Christ as a Philosopher: Spe Salvi
Towards the end of the third century, on the sarcophagus of a child in Rome, we find for the first time, in the context of the resurrection of Lazarus, the figure of Christ as the true philosopher, holding the Gospel in one hand and the philosopher's travelling staff in the other. With his staff, he conquers death; the Gospel brings the truth that itinerant philosophers had searched for in vain. In this image, which then became a common feature of sarcophagus art for a long time, we see clearly what both educated and simple people found in Christ: he tells us who man truly is and what a man must do in order to be truly human. He shows us the way, and this way is the truth. He himself is both the way and the truth, and therefore he is also the life which all of us are seeking. He also shows us the way beyond death; only someone able to do this is a true teacher of life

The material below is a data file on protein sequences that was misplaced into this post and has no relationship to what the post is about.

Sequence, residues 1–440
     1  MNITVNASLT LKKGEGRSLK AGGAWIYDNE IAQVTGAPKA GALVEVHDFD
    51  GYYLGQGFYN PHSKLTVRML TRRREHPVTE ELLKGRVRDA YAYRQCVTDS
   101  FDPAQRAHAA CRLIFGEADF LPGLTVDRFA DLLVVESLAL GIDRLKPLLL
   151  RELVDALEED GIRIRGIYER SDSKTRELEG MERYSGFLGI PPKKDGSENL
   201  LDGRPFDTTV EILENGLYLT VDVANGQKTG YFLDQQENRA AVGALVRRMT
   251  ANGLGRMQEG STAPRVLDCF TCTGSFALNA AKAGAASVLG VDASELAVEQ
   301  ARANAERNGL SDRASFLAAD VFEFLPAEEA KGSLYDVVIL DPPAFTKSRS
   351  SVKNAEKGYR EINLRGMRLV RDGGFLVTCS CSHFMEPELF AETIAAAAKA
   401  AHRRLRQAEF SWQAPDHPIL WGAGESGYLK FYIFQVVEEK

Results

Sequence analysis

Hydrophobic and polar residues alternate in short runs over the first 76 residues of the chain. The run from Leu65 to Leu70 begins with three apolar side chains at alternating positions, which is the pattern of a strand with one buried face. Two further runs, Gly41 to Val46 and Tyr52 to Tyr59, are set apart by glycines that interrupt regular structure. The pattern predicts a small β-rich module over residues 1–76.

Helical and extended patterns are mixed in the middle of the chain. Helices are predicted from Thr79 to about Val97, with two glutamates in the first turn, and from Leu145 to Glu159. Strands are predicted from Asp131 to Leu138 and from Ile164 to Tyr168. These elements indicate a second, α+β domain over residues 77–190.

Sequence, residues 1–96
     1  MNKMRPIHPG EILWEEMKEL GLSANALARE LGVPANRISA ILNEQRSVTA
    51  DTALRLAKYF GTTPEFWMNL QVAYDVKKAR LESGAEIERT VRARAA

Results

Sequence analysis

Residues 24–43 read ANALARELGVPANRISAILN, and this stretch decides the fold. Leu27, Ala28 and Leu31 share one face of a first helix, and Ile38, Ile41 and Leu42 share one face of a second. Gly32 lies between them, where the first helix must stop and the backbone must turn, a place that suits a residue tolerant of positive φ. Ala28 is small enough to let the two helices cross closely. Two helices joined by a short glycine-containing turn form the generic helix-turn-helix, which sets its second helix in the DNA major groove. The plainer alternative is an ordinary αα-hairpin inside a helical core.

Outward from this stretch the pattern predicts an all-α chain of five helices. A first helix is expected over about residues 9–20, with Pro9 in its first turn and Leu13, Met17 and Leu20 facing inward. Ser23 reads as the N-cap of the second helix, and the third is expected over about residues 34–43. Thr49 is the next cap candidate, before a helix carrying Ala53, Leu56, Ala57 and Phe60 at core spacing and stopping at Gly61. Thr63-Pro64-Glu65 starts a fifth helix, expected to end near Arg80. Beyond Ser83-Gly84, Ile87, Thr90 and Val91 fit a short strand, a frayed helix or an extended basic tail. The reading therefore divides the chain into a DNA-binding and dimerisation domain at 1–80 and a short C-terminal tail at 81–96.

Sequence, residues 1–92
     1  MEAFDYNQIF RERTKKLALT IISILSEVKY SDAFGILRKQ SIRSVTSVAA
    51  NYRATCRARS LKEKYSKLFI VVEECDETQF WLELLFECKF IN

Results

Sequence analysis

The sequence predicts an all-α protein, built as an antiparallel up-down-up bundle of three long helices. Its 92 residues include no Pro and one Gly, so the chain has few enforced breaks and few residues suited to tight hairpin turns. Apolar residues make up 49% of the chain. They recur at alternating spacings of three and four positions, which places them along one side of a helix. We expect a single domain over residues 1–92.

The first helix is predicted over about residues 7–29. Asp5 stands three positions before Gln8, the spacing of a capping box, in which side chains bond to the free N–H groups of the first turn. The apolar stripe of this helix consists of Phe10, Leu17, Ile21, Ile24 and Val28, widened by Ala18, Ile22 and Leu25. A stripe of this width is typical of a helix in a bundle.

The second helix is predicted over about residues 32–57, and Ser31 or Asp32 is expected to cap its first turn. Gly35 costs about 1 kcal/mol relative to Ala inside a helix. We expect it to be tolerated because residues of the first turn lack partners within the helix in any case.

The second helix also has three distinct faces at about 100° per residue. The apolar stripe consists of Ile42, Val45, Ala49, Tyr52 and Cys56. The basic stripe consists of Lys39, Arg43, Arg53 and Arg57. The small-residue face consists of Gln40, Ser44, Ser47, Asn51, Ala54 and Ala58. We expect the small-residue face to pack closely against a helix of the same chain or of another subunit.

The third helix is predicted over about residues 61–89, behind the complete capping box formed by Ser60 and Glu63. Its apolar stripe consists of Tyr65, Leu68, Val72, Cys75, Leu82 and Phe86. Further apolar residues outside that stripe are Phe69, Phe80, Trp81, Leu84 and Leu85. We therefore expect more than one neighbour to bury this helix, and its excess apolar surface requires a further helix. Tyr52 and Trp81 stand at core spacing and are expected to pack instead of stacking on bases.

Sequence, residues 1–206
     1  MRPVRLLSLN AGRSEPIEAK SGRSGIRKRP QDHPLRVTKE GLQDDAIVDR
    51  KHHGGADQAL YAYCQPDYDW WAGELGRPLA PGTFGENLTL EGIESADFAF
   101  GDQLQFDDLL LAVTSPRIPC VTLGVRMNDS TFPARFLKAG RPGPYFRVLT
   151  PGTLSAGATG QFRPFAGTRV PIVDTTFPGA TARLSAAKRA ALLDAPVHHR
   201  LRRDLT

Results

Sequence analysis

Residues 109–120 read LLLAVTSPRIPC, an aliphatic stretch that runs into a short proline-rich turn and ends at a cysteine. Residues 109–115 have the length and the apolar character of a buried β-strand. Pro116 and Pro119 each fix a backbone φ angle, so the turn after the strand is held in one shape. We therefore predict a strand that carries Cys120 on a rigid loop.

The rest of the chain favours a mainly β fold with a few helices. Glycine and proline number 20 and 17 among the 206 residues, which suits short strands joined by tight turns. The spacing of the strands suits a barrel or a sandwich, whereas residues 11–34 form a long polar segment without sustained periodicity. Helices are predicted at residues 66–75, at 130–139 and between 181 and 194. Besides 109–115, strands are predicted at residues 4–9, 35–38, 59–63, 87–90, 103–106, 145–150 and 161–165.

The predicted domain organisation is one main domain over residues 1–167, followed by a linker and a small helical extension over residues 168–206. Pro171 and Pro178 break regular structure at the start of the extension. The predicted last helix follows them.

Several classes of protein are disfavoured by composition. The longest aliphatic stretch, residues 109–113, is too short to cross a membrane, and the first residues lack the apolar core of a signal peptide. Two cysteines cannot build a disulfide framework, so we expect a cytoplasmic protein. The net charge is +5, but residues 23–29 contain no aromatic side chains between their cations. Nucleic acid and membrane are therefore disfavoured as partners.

I love his reference to the early church, which is here even pre-Constantinian, which is important for all those folks who think (incorrectly) that COnstantine somehow corrupted the church when he made Christianty the religion of the Roman Empire in the 4th C.
I also love the mention of Christ as a philosopher. This is a great encyclical. I think he honestly grapples with the world today.
And finally, his story of Bakhita who believed in Jesus, who was a slave-woman from Sudan--am I the only one who noticed that she was quite possibly Muslim by birth? I mean, she could have been animist, but she could have been Muslim as well (I will check into this, btw).
I am not finished with the entire encyclical yet, but what I have read (including the discussion of Luther's interpretation of Hebrews 11:1) I really like.
This is a very intelligent encyclical, and quite edifying for this Christian who happens to not be Roman Catholic.